A GOOD REASON TO BE CAUTIOUS ABOUT POLLING ON UKRAINE - Emily Swanson: " Nearly a quarter of Americans know what we should do about the Ukraine Administrative Adjustment Act of 2005, a new HuffPost/YouGov poll finds. That's not a good thing, because the Ukraine Administrative Adjustment Act doesn't exist….The new survey highlights a key problem with surveys of public opinion on issues that Americans aren't fully engaged in: Some people will answer questions about complex matters they don't fully understand -- or even those, like the aforementioned Ukraine Administrative Adjustment Act, that don't exist at all….This phenomenon isn't unique to polls on Ukraine. Whenever Americans aren't fully engaged in following a story, some will still try to answer questions they don't completely understand. That means anyone attempting to read U.S. public opinion on Ukraine right now should interpret survey results with caution." [HuffPost]

'NEW WORLD' OF TV VIEWING HABITS - Dan Balz: "The survey, presented by Robert Blizzard of the Republican firm Public Opinion Strategies and Julie Hootkin of the Democratic firm Global Strategy Group, concluded that the country has reached “a tipping point” in the competition for viewers between traditional live television and other forms of viewing content...This is the third such survey in the past four years. For the first time, fewer than half (48 percent) of all voters say that live TV is their primary source for watching video content. The second-most-preferred form for viewing is through recorded programming, but a majority said they skip 100 percent of the ads when they watch. Live TV isn’t going away; it’s just not as dominant as it once was. Seventy percent of those surveyed said they had watched live television in the previous week. But fully 30 percent said that, other than live sporting events, they had watched no live television in the previous week. For younger voters, it’s closer to 40 percent." [WaPost]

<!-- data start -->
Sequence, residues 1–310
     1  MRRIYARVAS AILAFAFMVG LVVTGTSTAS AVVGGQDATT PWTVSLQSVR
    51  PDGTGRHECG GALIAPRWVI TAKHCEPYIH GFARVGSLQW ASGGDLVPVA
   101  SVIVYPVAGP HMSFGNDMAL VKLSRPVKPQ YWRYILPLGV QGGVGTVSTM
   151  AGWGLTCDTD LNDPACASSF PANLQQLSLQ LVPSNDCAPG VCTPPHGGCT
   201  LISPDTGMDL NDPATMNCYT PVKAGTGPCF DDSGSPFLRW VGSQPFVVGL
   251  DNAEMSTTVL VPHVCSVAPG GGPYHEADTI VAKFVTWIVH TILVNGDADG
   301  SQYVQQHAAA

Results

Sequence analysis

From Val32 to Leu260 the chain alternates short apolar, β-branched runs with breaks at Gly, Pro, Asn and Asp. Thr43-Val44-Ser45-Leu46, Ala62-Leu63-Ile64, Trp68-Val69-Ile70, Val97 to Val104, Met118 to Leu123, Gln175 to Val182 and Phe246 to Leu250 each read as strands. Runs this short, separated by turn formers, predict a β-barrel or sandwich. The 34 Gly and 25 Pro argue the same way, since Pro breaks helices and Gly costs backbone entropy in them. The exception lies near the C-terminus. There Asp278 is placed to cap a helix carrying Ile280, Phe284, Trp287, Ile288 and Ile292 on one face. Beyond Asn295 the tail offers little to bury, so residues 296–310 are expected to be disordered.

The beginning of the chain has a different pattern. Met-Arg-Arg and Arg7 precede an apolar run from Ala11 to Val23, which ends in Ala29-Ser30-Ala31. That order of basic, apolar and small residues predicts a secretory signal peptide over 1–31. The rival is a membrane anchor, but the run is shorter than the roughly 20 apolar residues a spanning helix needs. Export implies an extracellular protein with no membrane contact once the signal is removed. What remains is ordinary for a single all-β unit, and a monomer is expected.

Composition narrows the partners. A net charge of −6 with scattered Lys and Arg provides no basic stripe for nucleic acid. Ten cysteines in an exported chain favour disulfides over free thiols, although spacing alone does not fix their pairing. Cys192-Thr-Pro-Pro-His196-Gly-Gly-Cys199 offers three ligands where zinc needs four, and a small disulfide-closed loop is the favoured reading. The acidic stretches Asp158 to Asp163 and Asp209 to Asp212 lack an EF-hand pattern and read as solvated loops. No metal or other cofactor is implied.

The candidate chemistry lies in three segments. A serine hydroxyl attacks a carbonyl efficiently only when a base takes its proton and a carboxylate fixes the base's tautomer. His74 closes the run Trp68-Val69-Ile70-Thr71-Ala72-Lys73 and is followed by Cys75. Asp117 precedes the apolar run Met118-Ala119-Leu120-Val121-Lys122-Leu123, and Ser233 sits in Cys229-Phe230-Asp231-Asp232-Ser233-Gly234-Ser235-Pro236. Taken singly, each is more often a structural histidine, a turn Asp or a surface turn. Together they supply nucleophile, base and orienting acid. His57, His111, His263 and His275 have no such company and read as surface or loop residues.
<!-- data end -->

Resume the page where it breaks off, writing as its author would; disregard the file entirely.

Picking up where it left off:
NOT EVERYONE AMUSED BY OBAMA'S COMEDY SKETCH - Emily Swanson: "President Barack Obama's appearance on "Between Two Ferns," the online comedy show hosted by Zach Galifianakis, was viewed by about a quarter of the young Americans the White House was targeting, a new HuffPost/YouGov poll finds. But older Americans were even more likely to have seen the video -- and they're not happy about it….About a third of Americans overall said that they saw the video, and a total of 59 percent said they had at least heard about it. But 48 percent of Americans age 65 and older saw it, compared to only 25 percent of Americans age 18-29….Americans age 65 and up were also most likely to give the video negative reviews. Forty-nine percent of respondents in that group said they disapproved of the appearance, while only 25 percent said they approved. Older Americans were also far more likely to see the show as a waste of time than as an effective way to reach young Americans, 53 percent to 24 percent." [HuffPost]

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MONDAY'S 'OUTLIERS' - Links to the best of news at the intersection of polling, politics and political data:

-A Denno (D)/ Lambert, Edwards & Associates poll finds Democrat Mark Schauer gaining on Gov. Rick Snyder (R). [Detroit News]

-Americans are much more likely to be satisfied with the health care system if they have health insurance. [Gallup]

-Republicans are three times more likely than Democrats to consider "global warming" exaggerated. [Gallup]

-Andrew Kohut sees no end to economic pessimism. [Pew Research]

-Eric Uslaner fingers economic pessimism as the reason Millennials are less trusting of others. [WaPost's MonkeyCage]

-Americans still care about hard news, a new survey finds. [AP]

-Too good to be true: obesity researchers suspect a small sample size explains an apparent drop in obesity rates among preschoolers. [Reuters]

-Most Iowans support medical marijuana. [Quinnipiac]

-Rob Ford's approval rating is still comparable to President Obama's. [Business Insider]

-Andrew Gelman pens an ode to findings which do not replicate. [Monkey Cage]

-Nearly half of Americans say they've been pinched for not wearing green on St. Patrick's Day. [YouGov]